Once you begin nursing school, you’ll have many opportunities to gain experience in the field. In addition to education, every nursing program consists of components like clinicals that help you gain first-hand experience applying what you’ve learned. 

You’ll see what it’s like being a nurse and find out if you’re fit for the career path. 

If your high school offers a nursing pathway, you can begin clinicals before college. You’ll get the added benefit of more nursing experience and hone your skills before pursuing a bachelor’s degree. 

You can also volunteer at your local hospital or ask if you could shadow a pediatric nurse practitioner to gain more experience. Caring for children requires immense dedication and practice, so acquiring this experience is necessary for your career.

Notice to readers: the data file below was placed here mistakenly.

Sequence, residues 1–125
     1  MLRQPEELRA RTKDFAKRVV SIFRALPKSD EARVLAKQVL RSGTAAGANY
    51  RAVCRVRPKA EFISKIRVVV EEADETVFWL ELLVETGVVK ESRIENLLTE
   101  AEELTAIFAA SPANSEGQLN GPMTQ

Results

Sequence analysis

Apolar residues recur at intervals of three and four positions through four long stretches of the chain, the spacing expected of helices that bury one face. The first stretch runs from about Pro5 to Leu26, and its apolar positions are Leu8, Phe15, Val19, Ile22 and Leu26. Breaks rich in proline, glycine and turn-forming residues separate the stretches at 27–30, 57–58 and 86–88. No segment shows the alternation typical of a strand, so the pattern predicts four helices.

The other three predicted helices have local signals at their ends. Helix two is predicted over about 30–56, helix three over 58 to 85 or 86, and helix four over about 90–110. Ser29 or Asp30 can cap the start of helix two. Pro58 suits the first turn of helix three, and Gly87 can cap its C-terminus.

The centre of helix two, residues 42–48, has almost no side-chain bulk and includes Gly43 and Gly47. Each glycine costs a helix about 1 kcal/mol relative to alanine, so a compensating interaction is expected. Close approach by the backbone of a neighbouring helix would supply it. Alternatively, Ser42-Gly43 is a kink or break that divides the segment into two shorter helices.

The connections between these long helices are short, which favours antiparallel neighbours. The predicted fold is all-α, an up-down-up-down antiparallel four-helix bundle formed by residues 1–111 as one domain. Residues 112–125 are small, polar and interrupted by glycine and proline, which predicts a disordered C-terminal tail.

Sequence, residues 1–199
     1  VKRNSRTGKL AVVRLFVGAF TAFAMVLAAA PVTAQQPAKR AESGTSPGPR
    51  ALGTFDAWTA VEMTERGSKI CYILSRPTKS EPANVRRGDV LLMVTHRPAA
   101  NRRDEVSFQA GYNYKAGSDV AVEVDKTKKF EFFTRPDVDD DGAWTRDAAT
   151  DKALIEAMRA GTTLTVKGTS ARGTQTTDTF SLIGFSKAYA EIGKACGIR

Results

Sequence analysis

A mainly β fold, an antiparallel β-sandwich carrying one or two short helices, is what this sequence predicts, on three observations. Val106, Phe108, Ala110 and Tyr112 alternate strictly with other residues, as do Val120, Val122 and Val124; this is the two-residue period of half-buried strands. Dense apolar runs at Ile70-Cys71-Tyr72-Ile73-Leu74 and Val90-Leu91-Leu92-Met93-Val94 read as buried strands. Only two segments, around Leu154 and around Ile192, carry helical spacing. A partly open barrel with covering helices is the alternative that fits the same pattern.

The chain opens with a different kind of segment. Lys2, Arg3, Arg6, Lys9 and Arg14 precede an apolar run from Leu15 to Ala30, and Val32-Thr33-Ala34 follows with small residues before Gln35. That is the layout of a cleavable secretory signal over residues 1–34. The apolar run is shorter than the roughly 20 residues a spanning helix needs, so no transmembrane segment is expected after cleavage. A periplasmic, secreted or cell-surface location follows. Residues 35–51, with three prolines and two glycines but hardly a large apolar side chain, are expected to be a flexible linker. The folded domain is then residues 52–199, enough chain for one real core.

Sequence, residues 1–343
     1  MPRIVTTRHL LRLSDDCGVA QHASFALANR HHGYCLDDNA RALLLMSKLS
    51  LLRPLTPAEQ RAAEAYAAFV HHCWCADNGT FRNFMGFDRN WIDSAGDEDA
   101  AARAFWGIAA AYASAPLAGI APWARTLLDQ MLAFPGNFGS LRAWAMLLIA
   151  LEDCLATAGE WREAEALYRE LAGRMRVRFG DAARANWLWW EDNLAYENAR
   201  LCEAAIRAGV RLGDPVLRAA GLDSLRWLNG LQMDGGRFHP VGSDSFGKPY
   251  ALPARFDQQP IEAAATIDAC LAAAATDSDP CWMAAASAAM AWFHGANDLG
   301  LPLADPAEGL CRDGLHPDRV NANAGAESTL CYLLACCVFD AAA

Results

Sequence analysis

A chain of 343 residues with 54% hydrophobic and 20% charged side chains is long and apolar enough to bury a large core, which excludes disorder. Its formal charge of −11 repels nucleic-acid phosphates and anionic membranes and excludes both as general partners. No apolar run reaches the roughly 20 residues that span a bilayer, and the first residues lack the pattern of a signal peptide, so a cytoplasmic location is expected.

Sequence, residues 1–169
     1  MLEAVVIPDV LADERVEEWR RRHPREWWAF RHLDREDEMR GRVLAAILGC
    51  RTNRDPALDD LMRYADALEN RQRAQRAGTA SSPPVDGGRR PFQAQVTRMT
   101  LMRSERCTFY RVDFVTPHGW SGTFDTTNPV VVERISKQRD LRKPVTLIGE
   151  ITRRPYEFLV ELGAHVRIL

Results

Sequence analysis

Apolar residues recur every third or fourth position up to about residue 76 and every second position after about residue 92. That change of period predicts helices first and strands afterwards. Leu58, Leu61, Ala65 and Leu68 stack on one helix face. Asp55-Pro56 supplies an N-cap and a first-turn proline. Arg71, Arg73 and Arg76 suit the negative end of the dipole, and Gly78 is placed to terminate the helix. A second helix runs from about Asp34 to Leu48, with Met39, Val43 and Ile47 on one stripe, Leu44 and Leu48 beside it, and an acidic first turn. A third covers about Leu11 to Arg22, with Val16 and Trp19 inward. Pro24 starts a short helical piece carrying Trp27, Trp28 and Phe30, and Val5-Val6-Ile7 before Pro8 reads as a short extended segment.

Once you’ve acquired your BSN, you’ll need to take an exam to earn licensure. To become a nurse, you’ll need to pass the National Council Licensure (NCLEX) and receive your RN license. 

This exam tests your nursing knowledge and determines if you’re ready. Before taking the exam, you’ll need to contact the nursing regulatory body in your state to obtain an Authorization To Test (ATT) to determine your eligibility. 

Once you’ve passed the NCLEX, you’ll need to obtain an RN license in your state. Nurses must be licensed in the same state they wish to practice. After completing your bachelor’s and passing the NCLEX, you’ll begin a Master’s Degree in Nursing to become a nurse practitioner.